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Why Women Sometimes Pee When Squatting: Understanding the Phenomenon of Peeing During Squats

A woman performing squats with a barbell in a gym.
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If you’ve ever experienced peeing during squats, you’re not alone. This phenomenon is more common among women than you might think. While it can be embarrassing and frustrating, understanding the causes and finding solutions can help you regain confidence in your exercise routine. In this informative blog post, we will explore the reasons behind peeing during squats and strategies for prevention and management. Let’s dive in!

Anatomy and Physiology Behind Peeing During Squats

To understand why peeing during squats occurs, it’s essential to have a basic understanding of the female urinary system. The urinary system comprises the kidneys, ureters, bladder, and urethra. The kidneys filter waste products from the blood and produce urine, then travel down the ureters into the bladder. The bladder stores the urine until it’s time to empty it through the urethra.

The pelvic floor muscles play a crucial role in the process of urination. These muscles form a supportive sling around the bladder, urethra, and other pelvic organs. When functioning properly, the pelvic floor muscles help to maintain continence by closing the urethra and supporting the bladder’s position. However, when these muscles become weakened or damaged, they may not be able to provide sufficient support, leading to the involuntary leakage of urine.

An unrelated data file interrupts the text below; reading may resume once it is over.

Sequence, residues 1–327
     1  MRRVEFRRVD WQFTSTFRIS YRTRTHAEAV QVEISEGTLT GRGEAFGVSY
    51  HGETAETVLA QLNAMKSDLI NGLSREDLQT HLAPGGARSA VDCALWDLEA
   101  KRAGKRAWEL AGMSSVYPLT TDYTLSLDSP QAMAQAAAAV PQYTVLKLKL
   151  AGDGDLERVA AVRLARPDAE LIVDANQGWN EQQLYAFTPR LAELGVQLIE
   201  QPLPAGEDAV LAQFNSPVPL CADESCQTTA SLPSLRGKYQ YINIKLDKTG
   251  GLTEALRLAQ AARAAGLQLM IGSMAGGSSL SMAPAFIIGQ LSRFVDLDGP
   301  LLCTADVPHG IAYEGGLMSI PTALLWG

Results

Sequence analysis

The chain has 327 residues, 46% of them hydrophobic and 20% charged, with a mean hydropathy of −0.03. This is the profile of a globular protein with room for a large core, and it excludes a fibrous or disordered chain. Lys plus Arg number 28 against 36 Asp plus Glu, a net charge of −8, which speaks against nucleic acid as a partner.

Causes of Peeing During Squats

Several potential reasons for peeing during squats include stress urinary incontinence, pelvic organ prolapse, and weak pelvic floor muscles.

Stress Urinary Incontinence

Stress urinary incontinence (SUI) is the most common cause of peeing during squats. SUI occurs when pressure on the bladder from physical activities, such as exercising, coughing, or sneezing, causes involuntary urine leakage. Squats, in particular, place significant pressure on the bladder, increasing the likelihood of SUI.